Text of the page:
Defendants argue they have not waived the confidentiality of the documents, which should be maintained. They then argue that some of emails concerning Calibur11, Bates-stamped C011541-1-2 and C011608, support their claims and that the remaining Calibur11 documents, C011658-1, C011752-1 and C011798, are not relevant. They also contend that the documents related to Intensafire do not support plaintiff's claim that defendants were seeking to clone Intensafire in China. ECF No. 115.*fn1

The court declines to consider the materials plaintiff provided at hearing or any of the declarations submitted with its supplemental briefing. As defendants noted at hearing, there is a motion to maintain confidentiality in addition to a new motion for sanctions pending in front of the magistrate judge, who is by now familiar with the parties' many discovery disputes. See ECF Nos. 37, 102-103 (pending motions); ECF Nos. 37, 78 (discovery orders). The court leaves the resolution of these motions in his capable hands, without presuming any particular result.

II. Motion For A Preliminary Injunction

A. Standards

As provided by Federal Rule of Civil Procedure 65 a court may issue a preliminary injunction to preserve the relative position of the parties pending a trial on the merits. University of Texas v. Camenisch, 451 U.S. 390, 395 (1981). The party seeking injunctive relief must show that "he is likely to succeed on the merits, that he is likely to suffer irreparable harm in the absence of preliminary relief, that the balance of equities tips in his favor, and that an injunction is in the public interest." Winter v. Natural Resources Defense Council, Inc., 555 U.S. 7, 20 (2008); Munaf v. Green, 553 U.S. 674, 689-90 (2008).

Before the Winter decision, the Ninth Circuit employed a "sliding scale" or "serious question" test, which allowed a court to balance the elements of the test "so that a stronger showing of one element may offset a weaker showing of another." See Clear Channel Outdoor, Inc. v. City of Los Angeles, 340 F.3d 810, 813 (9th Cir. 2003). Recently, the circuit court found that its sliding scale test survived Winter: a court may issue a preliminary injunction when a plaintiff raises serious questions going to the merits and demonstrates that the balance of hardships tips sharply in its favor, so long as the court also considers the remaining two prongs of the Winter test. Alliance for the Wild Rockies v. Cottrell, 632 F.3d 1127, 1135 (9th Cir. 2011).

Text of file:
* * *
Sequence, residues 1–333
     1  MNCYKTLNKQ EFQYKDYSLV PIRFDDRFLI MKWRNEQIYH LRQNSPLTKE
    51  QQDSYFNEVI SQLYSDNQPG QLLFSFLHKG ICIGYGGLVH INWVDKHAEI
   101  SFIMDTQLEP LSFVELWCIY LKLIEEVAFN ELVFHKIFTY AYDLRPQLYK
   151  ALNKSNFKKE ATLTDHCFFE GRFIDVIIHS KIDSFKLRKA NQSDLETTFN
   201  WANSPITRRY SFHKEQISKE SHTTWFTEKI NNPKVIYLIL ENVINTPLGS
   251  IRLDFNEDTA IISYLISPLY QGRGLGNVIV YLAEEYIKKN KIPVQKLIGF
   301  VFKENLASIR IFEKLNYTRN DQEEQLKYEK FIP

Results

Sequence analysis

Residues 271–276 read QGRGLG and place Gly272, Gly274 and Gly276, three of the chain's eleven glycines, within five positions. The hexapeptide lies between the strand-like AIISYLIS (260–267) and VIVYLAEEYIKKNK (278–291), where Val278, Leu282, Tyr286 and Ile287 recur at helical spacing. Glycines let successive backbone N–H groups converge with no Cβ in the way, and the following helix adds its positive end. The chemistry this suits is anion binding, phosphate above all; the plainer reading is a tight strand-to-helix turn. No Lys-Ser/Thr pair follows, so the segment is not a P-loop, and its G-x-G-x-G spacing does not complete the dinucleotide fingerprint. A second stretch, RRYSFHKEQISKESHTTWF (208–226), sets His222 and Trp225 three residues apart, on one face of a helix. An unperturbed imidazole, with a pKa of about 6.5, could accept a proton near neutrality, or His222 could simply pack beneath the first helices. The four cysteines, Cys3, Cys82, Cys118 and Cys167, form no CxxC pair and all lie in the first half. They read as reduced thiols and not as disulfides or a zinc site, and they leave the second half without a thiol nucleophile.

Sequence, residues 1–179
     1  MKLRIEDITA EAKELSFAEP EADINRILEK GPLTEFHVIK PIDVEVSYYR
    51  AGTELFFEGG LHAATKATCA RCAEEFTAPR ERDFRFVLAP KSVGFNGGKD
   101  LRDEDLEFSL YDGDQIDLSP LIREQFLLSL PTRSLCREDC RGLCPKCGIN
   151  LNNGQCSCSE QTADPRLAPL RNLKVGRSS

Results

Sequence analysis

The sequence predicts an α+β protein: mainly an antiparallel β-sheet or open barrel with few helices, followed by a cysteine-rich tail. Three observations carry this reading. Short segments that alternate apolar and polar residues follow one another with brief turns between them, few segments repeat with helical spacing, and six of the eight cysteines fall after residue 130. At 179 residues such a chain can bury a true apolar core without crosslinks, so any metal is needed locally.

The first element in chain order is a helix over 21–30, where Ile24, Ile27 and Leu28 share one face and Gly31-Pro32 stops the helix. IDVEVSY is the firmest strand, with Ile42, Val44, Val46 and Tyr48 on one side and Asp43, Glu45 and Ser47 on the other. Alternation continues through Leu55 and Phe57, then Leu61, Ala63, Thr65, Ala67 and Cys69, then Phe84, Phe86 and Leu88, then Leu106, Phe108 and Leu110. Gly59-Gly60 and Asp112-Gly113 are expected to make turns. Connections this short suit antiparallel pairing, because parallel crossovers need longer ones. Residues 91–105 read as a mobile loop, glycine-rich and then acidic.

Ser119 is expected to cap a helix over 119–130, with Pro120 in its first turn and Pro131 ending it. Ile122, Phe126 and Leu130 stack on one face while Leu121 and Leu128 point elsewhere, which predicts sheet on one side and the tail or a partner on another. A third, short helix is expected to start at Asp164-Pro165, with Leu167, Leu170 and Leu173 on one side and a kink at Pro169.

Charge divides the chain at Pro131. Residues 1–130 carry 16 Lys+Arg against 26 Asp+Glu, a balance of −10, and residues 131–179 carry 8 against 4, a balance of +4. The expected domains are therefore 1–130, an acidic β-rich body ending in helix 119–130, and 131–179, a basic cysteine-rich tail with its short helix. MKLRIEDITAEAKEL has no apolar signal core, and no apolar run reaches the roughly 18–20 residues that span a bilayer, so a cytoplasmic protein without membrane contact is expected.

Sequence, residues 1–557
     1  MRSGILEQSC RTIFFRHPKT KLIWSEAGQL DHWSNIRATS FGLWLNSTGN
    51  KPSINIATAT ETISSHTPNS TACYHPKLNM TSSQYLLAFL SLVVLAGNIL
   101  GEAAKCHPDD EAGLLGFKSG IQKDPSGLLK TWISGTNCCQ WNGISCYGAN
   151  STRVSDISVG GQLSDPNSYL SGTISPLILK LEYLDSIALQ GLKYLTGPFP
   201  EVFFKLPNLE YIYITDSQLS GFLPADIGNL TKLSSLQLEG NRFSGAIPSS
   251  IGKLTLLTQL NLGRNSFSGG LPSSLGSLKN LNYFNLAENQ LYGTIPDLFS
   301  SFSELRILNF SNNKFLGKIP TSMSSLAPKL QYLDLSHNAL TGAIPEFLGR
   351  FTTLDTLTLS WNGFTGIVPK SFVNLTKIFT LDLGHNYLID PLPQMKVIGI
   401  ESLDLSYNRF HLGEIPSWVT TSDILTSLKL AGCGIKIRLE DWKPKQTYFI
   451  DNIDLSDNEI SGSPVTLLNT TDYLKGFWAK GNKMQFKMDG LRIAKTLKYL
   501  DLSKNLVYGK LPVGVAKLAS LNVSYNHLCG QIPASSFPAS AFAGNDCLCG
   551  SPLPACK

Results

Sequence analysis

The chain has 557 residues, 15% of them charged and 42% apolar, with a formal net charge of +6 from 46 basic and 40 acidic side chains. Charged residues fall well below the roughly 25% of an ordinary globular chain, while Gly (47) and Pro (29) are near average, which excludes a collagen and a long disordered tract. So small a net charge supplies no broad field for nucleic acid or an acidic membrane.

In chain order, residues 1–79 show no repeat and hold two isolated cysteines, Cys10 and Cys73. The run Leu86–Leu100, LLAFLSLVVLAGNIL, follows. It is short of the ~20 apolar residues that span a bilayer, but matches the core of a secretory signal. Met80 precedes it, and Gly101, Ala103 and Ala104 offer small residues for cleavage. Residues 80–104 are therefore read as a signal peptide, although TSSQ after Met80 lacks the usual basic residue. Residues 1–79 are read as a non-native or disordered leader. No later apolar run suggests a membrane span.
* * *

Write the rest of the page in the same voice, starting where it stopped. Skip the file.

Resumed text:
B. Analysis

1. The Products

a. Intensafire

Plaintiff has submitted evidence showing that, through its employee Steven Frazier and several independent contractors, it designed a gaming mod flexboard to use with "first person shooter games," which allows the game player to modify virtual weapon use; that the product became the Intensafire product on the market today; that computer code is imbedded in the chip used in the board; and that the code is protected from access and download by means of a key, which is controlled by plaintiff. Declaration of Steven Frazier, ECF No. 57, ¶¶ 3-5 & Exs. A & B. Plaintiff has provided Certificates of Registration of its copyrights in Intensafire's base form (TX-7-376-632) and its "active reload" form (TX-7-414-327). Id. ¶ 10 & Ex. F; Supplemental Declaration of Steven Frazier, ECF No. 86 & Ex. 19.

Defendant Coy Christmas is President and CEO of BGRMods, LLC, Calibur11 LLC, and Einsteinmodz, LLC, all privately held companies. Declaration of Coy Christmas, ECF No. 75-1 ¶ 1. EinsteinModz distributes Intensafires. ECF No. 57 ¶ 11; ECF No. 75-1 ¶¶ 1, 5. EinsteinModz purchased Intensafires from BGRMods. ECF No. 75-1 ¶ 5 & Ex. A.*fn2

Although Christmas avers that each of his companies is separate and distinct from the other, plaintiff has produced evidence in the form of a declaration from its managing partner Bernadette Wyatt, suggesting that Christmas used the companies "interchangeably" in his and their dealings with plaintiff. Declaration of Bernadette Wyatt, ECF No. 60 ¶ 9; Supplemental Declaration of Bernadette Wyatt, ECF No. 83 ¶ 2. Wyatt avers, for example, that Christmas "paid invoices for any work done for any of these three companies using the same personal American Express card." ECF No. 83 ¶ 2. Once Christmas asked Frazier to modify some Intensafires and send them directly to EinsteinModz customers in California. ECF No. 57 ¶ 11. Wyatt billed BGRMods for this work, at Christmas's direction. ECF No. 83 ¶ 3. In addition, in a June 26, 2011 email, Christmas explained entries on a balance sheet, showing that Einsteinmodz paid bills for Calibur11. ECF No. 86, Ex. 9.*fn3